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Three key hours to watch in the US midterm elections

Field, a 1 year old English Setter, waits as his owner votes at P.S. 20 during the midterm election in Manhattan in New York City, U.S., November 6, 2018. REUTERS/Andrew Kelly - RC1623188500
REUTERS/Andrew Kelly
All you can do is wait.
  • Aisha Hassan
By Aisha Hassan


Published Last updated This article is more than 2 years old.

An estimated 40 million people voted early in the US midterm elections, and millions more lined up all over the country today (Nov. 6) in the rain and in spite of broken machines to exercise their democratic right—the results of which will be determined tonight.

The first polls will start closing at 6pm US Eastern Time, and the last will close about seven hours later in Alaska. As voting ends in each state, it means that the fate of many key races will have been decided. While some key districts might be called before the day is over, it’s difficult to ascertain when all results will be in. This is also in light of the high volume of absentee ballots and high voter turnout, as well as states like California, which are notoriously slow at counting votes. The New York Times cautions that even with early trends, “do not expect an answer on which party has won the House until after 11pm ET.”

With seats for 435 House representatives, 35 senators, 36 governors, and hundreds of local politicians at stake, there’s a lot to keep up with. Quartz has previously put together a guide on how to track the most important races and issues in the midterms. It’s sure to be a long and eventful night, and there will be many turning points throughout. (For instance, if Democrat Amy McGrath wins against GOP Andy Barr in Kentucky’s 6th District—polls close at 6pm—it’s a strong early sign for Democrats.)

These are the three key hours, however, by which some of the most hotly contested races will be decided, even though results will filter in later. (A full list of what time every state closes its polls can be found here.)

7pm to 8pm ET

Florida: Andrew Gillum vs. Ron DeSantis

If Tallahassee Mayor Andrew Gillum wins against Ron DeSantis, he could become Florida’s first Democratic governor in 20 years and its first-ever black governor.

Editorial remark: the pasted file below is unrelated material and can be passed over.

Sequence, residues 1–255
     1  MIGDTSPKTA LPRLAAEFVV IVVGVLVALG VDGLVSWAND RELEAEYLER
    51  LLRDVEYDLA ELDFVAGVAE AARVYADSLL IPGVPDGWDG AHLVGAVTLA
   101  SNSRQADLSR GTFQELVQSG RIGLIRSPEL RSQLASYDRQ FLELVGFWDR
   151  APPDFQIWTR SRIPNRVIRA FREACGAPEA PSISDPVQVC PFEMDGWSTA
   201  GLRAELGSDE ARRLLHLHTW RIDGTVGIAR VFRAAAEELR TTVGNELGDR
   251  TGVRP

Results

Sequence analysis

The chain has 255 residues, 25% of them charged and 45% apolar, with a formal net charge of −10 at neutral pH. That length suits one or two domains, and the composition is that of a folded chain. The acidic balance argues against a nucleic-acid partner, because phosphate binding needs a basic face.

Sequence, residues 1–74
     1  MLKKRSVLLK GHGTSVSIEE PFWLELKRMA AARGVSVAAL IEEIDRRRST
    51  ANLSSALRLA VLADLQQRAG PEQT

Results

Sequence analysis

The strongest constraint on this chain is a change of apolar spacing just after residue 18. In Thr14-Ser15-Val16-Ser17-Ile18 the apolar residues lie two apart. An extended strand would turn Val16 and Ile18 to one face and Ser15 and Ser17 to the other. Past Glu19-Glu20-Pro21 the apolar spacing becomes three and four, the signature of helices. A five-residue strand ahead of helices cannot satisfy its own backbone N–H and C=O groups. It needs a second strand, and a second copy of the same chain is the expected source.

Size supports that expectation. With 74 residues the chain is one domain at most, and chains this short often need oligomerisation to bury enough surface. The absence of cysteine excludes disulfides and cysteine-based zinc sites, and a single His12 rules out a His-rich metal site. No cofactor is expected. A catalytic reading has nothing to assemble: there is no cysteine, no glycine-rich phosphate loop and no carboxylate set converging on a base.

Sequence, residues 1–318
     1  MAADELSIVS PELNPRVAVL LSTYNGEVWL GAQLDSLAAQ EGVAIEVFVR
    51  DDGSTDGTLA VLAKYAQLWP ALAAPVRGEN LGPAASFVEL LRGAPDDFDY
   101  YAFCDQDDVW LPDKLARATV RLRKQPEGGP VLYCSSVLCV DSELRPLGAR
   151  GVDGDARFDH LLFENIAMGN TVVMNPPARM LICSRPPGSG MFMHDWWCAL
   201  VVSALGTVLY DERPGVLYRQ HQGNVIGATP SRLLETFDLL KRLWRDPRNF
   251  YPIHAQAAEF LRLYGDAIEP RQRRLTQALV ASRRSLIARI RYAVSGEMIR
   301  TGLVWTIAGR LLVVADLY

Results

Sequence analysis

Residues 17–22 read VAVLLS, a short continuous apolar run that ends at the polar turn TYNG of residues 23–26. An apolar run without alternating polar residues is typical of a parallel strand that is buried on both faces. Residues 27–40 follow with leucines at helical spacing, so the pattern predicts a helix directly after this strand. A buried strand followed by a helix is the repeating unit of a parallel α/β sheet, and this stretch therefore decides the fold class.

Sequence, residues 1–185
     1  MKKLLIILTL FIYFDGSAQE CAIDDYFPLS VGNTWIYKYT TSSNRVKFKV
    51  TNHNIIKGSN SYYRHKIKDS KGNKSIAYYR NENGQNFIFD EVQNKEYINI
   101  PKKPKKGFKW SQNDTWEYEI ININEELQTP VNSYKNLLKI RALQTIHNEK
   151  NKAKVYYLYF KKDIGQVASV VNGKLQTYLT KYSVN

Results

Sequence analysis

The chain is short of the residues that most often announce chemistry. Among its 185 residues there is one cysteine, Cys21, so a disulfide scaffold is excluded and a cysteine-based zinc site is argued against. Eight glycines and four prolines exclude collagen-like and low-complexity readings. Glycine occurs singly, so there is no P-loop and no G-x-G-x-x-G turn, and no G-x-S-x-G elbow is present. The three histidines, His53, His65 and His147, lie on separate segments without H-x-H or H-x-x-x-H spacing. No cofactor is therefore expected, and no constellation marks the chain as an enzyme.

Virginia: Jennifer Wexton vs. Barbara Comstock

House Democrats could pick up seats in Virginia—for instance, Republican Barbara Comstock is facing stiff competition from Democrat Jennifer Wexton. The New York Times writes: “With a focus on the FifthSeventh and 10th Congressional Districts in Virginia, Democrats are hoping the state will launch them into a dream scenario, where the control of the House is virtually settled before 8 p.m. Eastern.” 

Ohio: Richard Cordray vs. Mike DeWine

The gubernatorial race in Ohio is between Republican Mike DeWine and Democrat Richard Cordray, who are fighting for the governor’s position 2016. There is no incumbent: GOP presidential candidate John Kasich had to leave the role due to term limits. According to FiveThirtyEight, Cordray has a 55% shot of taking that governorship for the Democrats, who haven’t held it since 2011.

West Virginia: Joe Manchin vs. Patrick Morrisey

This state voted for president Donald Trump in 2016 by 42 percentage points, but Democrat Joe Manchin is currently leading state attorney general Patrick Morrisey in public polling, the Wall Street Journal notes. (Manchin was the lone Senate Democrat to support Brett Kavanaugh.)

8pm to 9pm ET

Texas: Beto O’Rourke vs. Ted Cruz

If Democrat Beto O’Rourke can beat Republican Ted Cruz for the Senate seat, it will be a big political upset in a deeply red state. (O’Rourke’s campaign is also one of the most expensive.)

Tennessee: Phil Bredesen vs. Marsha Blackburn

Republican Bob Corker is retiring, leaving an open Senate seat in the state. The New York Times notes that this seat is critical to Democrats “if they have any hope of gaining ground in the chamber.” Democrat and former governor Phil Bredesen was endorsed by singer Taylor Swift, and Republican Marsha Blackburn was endorsed by Trump.

9pm to 10pm ET

Arizona: Kyrsten Sinema vs. Martha McSally

Republican Senator Jeff Flake is retiring from his seat, leaving it open for Democrat Kyrsten Sinema and Republican Martha McSally to fight over. FiveThirtyEight predicts Sinema has a three in five chance of winning.

Minnesota: Four key races

“Four races in Minnesota are a bellwether for control of the House. Both parties agree that if Democrats win in three of these four districts, it would be a bad sign for the GOP elsewhere in the country,” the Wall Street Journal reports. These races are: Democrat Dan Feehan against Republican Jim Hagedorn, Democrat Angie Craig against Republican Jason Lewis, Democrat Dean Phillips against Republican Erik Paulsen, and Democrat Joe Radinovich against Republican Pete Stauber.

FiveThirtyEight’s comprehensive hour-by-hour guide, up until 1am ET, can be found here.

This post has been updated to reflect the fact that Georgia results did not start coming in between 7-8pm ET.

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